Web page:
Updated 08/01/2022. When a blemish appears, most people immediately reach for a spot treatment. They hope it will get rid of the blemish as quickly as possible without causing excess irritation or discoloration. However, in my experience, most people use spot treatments incorrectly, which causes their blemishes to last even longer than they would otherwise (yes, really!).
In this post, I’ll share the three most common mistakes I see people make when they spot treat their blemishes. Then, I’ll share how to use a spot treatment the right way.
The Science Behind Breakouts
To understand why the most common spot treatment mistakes are, well, mistakes, you first need to understand the science behind breakouts.
All blemishes start out as clogged pores. When a pore is clogged, and there’s oil trapped beneath the surface of the skin without access to oxygen, blemish-causing bacteria can thrive. From there, they often become red, inflamed, and painful to the touch, due to the infection within the pore. Over time, this infection (AKA pus from white blood cells) will come up and out through the surface of the skin. In this way, your skin acts as an excretory system.
Without acknowledgment of this process, you won’t be able to work in sync with your blemishes, which is critical to making them go away sooner rather than later.
The Most Common Spot Treatment Mistakes
You’re Applying Spot Treatments Too Early in the Blemish Life Cycle
Believe it or not, applying a spot treatment the second a blemish appears is doing more harm than good. I understand you want to dry it out and get it to go away quickly, but trust me, this is backfiring in a big way. After all, the infection wants to come out. If you apply a drying spot treatment too early, it will only dry out the surface of the skin and cause a layer of dead, flaky cells that will prevent the infection from coming out. The result? The infection stays stuck in your skin and your blemish lasts longer. The worst part is that the longer the infection stays in your skin, the greater the chance is that you’ll get post-breakout marks.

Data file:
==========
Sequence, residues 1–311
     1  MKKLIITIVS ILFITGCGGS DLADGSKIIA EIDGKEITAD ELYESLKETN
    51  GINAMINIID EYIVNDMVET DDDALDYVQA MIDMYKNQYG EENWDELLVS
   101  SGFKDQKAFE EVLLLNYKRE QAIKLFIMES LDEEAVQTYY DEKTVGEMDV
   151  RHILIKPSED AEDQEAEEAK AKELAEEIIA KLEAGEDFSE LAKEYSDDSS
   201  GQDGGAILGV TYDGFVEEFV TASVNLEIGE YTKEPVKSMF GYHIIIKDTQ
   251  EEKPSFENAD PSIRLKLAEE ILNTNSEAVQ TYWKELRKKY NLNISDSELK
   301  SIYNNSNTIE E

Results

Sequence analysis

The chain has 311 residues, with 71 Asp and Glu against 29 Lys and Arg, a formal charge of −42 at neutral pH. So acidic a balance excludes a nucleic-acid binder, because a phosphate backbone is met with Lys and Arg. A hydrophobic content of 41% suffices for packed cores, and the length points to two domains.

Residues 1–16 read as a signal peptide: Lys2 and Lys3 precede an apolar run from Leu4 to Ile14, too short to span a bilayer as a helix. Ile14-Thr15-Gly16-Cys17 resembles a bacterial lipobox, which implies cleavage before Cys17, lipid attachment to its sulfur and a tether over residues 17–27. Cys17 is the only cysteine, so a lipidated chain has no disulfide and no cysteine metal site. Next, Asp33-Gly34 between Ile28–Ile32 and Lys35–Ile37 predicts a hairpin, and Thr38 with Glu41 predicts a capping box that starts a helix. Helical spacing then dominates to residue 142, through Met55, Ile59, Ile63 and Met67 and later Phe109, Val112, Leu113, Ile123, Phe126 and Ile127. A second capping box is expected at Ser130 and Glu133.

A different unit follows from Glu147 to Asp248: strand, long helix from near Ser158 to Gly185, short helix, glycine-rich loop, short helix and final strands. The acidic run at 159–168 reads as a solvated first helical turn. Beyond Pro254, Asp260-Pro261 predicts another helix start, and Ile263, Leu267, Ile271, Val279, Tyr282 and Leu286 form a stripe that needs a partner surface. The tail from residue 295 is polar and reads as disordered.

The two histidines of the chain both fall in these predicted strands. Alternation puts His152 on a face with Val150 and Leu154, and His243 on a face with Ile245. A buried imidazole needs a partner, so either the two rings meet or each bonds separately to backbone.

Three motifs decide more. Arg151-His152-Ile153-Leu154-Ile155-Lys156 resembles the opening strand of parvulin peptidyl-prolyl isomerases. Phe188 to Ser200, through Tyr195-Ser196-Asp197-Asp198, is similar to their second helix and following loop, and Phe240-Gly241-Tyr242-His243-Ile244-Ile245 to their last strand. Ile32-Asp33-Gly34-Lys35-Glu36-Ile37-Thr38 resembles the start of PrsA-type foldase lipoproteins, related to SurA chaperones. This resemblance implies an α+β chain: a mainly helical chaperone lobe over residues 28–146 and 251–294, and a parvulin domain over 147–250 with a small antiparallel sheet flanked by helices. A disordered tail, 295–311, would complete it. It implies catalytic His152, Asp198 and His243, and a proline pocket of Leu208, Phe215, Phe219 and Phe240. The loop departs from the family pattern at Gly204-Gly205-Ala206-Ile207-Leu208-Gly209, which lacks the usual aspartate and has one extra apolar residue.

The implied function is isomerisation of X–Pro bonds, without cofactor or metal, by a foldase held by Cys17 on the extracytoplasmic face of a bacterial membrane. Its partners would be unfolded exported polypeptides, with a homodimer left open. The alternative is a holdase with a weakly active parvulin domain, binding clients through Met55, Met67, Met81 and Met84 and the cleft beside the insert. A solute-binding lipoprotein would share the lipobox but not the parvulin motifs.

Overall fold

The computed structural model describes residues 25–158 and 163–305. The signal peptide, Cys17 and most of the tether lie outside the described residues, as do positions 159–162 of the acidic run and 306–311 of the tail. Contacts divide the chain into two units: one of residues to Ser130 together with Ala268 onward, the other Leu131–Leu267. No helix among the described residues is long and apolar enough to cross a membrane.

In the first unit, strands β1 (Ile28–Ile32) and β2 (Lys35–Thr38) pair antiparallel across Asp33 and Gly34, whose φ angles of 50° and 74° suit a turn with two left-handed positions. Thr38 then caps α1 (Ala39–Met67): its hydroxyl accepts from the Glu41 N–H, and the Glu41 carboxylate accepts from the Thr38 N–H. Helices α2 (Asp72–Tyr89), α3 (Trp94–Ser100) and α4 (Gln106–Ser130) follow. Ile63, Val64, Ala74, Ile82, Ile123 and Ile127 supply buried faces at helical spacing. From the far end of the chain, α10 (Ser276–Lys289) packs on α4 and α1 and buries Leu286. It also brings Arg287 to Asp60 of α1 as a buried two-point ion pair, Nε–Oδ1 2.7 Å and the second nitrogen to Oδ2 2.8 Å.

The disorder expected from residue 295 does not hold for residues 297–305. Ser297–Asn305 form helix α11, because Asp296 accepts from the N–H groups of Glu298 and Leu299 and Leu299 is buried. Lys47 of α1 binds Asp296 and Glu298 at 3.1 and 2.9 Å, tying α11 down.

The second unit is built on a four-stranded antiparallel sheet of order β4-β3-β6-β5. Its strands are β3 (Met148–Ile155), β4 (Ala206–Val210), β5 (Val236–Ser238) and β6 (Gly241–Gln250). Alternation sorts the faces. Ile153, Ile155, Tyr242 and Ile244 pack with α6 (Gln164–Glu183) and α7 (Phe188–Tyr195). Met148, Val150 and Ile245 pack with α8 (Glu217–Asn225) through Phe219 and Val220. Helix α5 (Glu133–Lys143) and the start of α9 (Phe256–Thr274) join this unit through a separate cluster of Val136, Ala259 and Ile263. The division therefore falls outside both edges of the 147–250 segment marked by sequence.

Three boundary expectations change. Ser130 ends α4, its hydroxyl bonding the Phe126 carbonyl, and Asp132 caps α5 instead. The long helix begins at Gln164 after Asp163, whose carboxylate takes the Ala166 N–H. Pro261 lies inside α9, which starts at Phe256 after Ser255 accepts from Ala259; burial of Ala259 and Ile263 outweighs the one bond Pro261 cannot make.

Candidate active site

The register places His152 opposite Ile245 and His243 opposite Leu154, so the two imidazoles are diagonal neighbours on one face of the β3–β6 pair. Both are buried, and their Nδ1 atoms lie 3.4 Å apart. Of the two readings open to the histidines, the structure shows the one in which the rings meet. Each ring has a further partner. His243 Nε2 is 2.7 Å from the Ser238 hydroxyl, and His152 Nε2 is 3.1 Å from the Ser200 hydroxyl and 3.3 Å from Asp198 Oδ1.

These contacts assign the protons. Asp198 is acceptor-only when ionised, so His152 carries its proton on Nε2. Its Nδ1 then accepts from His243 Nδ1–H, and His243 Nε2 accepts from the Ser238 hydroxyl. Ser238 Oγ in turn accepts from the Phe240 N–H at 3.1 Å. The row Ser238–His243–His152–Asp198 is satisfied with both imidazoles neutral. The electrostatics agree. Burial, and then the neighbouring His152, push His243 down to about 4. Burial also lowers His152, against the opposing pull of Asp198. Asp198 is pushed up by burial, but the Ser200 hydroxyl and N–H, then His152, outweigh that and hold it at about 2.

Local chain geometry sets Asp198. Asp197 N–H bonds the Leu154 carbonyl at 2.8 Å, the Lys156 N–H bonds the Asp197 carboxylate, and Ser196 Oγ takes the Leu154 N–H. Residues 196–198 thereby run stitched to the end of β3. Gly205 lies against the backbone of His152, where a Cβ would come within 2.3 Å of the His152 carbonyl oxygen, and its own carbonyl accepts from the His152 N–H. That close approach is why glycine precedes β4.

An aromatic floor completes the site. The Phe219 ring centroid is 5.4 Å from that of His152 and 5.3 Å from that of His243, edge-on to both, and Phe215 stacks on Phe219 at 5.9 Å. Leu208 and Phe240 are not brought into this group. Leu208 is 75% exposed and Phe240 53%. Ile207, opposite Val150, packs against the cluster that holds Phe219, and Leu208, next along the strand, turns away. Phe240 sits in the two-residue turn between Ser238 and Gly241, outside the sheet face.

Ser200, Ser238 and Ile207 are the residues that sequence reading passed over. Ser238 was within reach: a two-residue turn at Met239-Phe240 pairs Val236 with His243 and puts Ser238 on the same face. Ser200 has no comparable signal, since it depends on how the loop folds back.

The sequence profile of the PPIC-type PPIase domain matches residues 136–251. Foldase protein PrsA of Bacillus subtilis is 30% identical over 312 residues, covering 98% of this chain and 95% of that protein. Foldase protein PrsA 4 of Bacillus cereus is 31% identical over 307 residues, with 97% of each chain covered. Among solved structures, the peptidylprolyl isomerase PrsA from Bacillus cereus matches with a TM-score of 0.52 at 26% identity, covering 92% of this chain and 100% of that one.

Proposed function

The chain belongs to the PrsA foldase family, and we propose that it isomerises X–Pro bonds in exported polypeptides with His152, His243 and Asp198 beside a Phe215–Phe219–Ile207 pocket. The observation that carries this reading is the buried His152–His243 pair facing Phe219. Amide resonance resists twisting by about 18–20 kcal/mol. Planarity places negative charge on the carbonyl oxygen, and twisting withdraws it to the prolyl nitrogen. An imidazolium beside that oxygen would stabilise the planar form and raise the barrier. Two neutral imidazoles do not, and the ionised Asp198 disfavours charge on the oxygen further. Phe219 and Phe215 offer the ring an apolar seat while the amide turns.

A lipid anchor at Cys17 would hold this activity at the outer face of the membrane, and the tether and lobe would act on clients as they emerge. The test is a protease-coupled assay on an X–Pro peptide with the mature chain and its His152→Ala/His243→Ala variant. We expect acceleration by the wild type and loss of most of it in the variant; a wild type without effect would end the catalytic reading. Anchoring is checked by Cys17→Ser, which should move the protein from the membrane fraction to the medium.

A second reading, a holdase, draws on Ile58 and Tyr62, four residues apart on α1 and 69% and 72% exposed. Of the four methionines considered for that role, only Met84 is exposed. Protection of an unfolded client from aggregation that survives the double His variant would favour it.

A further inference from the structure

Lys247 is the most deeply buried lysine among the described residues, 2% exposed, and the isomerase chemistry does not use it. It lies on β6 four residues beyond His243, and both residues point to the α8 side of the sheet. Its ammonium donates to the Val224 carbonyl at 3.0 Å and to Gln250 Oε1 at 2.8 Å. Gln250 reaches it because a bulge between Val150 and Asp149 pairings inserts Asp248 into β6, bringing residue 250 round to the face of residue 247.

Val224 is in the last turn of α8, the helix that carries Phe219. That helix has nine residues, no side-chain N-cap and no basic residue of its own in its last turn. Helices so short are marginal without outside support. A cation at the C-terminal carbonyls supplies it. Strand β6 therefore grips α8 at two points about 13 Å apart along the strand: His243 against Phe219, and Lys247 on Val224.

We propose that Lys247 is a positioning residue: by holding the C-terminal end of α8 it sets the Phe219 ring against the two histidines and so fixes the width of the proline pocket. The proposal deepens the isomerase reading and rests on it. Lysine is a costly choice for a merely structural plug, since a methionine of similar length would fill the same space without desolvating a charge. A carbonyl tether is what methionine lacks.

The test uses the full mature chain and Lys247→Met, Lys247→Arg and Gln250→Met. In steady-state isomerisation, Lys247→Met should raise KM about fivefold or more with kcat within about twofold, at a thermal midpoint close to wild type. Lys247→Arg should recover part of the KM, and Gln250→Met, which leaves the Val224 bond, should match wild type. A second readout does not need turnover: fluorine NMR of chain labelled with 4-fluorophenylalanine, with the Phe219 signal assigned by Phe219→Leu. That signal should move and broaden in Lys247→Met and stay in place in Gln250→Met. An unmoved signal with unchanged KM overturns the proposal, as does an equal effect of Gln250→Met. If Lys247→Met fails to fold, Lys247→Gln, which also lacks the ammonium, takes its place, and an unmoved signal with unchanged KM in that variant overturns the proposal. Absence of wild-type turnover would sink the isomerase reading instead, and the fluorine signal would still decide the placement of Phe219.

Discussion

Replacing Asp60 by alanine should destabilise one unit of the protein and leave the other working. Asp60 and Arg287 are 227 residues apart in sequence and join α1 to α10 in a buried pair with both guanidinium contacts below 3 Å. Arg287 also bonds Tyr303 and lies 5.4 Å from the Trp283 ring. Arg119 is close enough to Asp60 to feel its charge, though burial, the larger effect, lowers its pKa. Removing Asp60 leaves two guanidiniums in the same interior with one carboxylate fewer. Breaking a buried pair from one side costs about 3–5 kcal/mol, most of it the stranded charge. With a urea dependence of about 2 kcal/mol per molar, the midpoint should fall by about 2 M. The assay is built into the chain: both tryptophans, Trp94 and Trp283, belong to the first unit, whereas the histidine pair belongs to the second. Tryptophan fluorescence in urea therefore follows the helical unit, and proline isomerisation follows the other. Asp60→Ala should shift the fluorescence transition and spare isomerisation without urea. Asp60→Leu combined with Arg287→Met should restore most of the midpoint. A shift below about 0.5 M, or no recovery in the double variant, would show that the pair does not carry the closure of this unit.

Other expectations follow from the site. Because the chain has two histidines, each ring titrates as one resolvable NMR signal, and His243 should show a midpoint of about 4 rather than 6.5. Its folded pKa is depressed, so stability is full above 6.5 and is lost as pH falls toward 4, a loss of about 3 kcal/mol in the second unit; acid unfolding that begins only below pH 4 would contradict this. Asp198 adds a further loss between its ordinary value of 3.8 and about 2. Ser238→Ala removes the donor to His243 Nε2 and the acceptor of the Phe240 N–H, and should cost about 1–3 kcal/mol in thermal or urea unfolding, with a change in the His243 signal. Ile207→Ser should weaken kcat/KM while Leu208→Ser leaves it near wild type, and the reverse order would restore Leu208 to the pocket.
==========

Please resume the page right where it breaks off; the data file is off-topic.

The best solution is to leave it alone the moment it appears (don’t apply a drying spot treatment). Instead, use a non-drying spot treatment to facilitate the healing process without drying out the surface of the skin.
You should only reach for a drying spot treatment once the infection has come out (but more on that in a minute).
You’re Not Applying Spot Treatments at the Right Point in Your Routine
When people are confused about how to use a spot treatment correctly, it usually has to do with the order in which they apply products. Assuming you’re using the right spot treatment at the right time (a non-drying spot treatment in the early stages and a drying spot treatment once the infection has come out), it should go on last. This means you should be applying your spot treatment as the final step in your skincare routine.
First, perform your nighttime skincare routine as normal. This might mean using a cleanser, toner, serum, moisturizer, and eye cream (just be sure to use products formulated exclusively for your skin type. If you don’t know your skin type, take the Skin Type Quiz to find out). From there, dampen a cotton swab or tissue with water, and wipe it over the blemish to remove the skincare products you just applied. Finally, apply the spot treatment. Once it’s dry, you’re done! The goal is for the spot treatment to work directly on the blemish and not have other products interfere with its performance.
How to Use a Spot Treatment at Every Stage of a Blemish
Follow these steps, and you’ll avoid making the most common spot treatment mistakes. You’ll also get your blemishes to go away sooner rather than later!
1. Apply a Non-Drying Spot Treatment
As I said before, you should only apply a non-drying spot treatment during the early stages of the blemish life cycle. This is to prevent dry skin build-up which could keep an infection stuck in the pore. I recommend using the Anti Bump Solution (it’s not just for cystic blemishes!) or the Daytime Blemish Gel.
2. When a Whitehead Comes to the Surface, Gently Squeeze It Out
You should only squeeze at a blemish if there’s a visible whitehead that’s ready to come out. Otherwise, you could cause more inflammation and make it stick around for a longer period of time. Once the whitehead is visible, wrap your fingers in tissue and gently squeeze the infection out.